Generalized Linear Modeling of Crashes on Urban Road Links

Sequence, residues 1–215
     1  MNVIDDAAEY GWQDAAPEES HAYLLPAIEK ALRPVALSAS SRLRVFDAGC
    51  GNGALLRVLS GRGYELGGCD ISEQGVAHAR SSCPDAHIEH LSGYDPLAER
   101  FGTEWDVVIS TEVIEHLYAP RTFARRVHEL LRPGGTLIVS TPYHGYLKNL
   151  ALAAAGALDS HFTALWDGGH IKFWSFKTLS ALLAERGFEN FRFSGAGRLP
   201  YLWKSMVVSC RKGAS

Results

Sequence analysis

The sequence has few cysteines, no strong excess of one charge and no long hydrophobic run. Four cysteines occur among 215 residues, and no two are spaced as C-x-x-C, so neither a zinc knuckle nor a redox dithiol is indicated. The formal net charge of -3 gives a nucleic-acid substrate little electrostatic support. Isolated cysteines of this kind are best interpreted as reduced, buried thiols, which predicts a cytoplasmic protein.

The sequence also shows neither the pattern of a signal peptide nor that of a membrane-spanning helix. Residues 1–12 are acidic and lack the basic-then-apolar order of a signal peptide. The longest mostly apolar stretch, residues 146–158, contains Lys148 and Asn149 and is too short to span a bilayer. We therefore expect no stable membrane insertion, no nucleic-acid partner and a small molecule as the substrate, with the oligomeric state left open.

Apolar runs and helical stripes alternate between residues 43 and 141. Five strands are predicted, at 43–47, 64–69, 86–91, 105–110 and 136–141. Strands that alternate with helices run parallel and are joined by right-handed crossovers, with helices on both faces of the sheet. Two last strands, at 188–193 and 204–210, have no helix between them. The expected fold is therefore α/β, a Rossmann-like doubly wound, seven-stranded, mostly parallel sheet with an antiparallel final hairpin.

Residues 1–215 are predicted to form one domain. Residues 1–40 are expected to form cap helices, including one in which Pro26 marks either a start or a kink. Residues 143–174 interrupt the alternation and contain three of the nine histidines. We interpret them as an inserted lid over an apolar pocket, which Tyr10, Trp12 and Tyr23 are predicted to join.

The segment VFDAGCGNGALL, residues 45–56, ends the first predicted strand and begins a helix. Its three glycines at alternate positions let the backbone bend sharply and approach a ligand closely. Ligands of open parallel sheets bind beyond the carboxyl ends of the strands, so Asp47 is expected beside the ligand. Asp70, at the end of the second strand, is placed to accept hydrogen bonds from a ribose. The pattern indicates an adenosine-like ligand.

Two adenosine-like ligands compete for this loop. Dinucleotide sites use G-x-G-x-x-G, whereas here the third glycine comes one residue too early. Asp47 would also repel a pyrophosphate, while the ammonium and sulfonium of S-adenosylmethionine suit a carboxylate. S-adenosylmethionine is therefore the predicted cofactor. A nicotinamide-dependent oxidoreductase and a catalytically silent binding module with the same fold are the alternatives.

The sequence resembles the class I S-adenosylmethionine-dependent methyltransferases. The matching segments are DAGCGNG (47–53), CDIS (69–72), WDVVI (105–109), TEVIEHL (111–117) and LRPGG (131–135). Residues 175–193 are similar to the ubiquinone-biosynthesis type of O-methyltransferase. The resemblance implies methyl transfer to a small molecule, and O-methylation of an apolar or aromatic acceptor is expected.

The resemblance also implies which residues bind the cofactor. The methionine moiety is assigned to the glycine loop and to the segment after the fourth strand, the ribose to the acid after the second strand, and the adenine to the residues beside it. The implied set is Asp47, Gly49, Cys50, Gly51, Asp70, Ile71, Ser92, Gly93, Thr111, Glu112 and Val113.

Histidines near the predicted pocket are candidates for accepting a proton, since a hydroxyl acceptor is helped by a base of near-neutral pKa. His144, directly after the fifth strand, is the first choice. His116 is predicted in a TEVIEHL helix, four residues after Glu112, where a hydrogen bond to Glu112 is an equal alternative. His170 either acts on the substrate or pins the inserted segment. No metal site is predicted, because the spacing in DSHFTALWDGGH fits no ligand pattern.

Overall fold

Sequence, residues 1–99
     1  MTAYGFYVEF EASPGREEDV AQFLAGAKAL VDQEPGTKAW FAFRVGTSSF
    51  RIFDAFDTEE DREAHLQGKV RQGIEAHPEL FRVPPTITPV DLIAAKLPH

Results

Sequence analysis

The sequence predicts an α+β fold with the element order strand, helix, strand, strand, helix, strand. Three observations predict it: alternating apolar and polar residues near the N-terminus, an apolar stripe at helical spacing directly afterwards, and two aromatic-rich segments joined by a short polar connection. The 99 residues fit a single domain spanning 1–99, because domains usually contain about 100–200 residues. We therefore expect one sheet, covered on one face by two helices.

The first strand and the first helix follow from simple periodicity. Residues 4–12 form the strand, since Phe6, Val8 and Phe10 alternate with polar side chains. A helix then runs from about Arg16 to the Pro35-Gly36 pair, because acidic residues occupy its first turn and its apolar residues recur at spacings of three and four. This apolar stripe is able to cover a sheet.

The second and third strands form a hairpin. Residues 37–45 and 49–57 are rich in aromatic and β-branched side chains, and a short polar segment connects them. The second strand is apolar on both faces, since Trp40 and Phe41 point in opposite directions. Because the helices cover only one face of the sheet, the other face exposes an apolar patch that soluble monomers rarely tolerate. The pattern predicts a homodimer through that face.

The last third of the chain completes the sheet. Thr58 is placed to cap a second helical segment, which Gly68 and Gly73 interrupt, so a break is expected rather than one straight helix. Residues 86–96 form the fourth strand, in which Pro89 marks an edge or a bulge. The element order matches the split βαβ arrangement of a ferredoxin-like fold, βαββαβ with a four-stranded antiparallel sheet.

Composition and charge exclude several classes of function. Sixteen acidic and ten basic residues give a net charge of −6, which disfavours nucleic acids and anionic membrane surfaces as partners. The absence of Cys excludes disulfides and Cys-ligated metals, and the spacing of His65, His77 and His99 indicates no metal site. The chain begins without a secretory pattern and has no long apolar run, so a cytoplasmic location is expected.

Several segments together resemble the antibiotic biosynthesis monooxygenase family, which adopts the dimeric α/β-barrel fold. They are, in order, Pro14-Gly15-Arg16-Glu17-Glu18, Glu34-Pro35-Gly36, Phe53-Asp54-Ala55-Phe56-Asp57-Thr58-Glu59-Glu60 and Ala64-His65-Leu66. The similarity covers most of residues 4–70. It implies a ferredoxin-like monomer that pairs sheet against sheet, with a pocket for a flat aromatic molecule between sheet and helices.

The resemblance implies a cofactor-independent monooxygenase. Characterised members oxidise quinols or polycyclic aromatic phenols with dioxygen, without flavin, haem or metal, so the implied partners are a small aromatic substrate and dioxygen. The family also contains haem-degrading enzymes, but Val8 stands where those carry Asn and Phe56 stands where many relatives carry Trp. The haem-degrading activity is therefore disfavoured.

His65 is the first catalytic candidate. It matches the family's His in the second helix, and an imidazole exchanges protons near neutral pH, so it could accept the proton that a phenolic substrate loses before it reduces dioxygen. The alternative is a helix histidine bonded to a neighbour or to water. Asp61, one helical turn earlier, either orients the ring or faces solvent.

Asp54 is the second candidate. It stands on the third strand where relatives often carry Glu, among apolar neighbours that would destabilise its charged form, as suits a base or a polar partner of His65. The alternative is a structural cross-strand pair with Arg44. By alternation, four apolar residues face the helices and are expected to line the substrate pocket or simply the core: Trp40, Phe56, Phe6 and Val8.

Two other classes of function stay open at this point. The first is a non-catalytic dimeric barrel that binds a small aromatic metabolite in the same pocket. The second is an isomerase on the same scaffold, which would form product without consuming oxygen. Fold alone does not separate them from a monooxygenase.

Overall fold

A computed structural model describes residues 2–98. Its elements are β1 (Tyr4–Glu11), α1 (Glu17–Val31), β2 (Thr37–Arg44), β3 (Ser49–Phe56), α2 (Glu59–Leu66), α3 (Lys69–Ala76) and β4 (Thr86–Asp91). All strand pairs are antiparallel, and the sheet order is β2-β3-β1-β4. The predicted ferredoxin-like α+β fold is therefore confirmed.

As crash data have distinctive behavior like over-dispersion, researchers have used statistical methods to deal with this unique behavior of crash data specifically. This study employed generalized linear modeling techniques to develop the model. It was assumed that the accident counts followed negative-binomial distribution, and the link function was chosen to be the log link function. Negative-binomial modeling technique was chosen over Poisson distribution because it is the most used technique by many researchers as crash data may encounter over-dispersion. The accident data set showed greater variability between its variance and mean. The accident frequency distribution is shown in this study that it is highly skewed, with a very high number of road segments registering zero accidents. Negative binomial distribution was chosen over Poisson distribution after comparing Akaike’s Information Criterion (AIC) and Bayesian Information Criteria (BIC). The method is widely applied to count data. Twenty-two parameters were estimated in the model. Since p < 0.05 in the omnibus test, the null hypothesis is rejected, which indicates that the model is reasonably fit. The strongest variables in the model were witnessed to be the length of the links, number of lanes, average daily traffic, bus lane, number of buses and trolleys, and HGVs.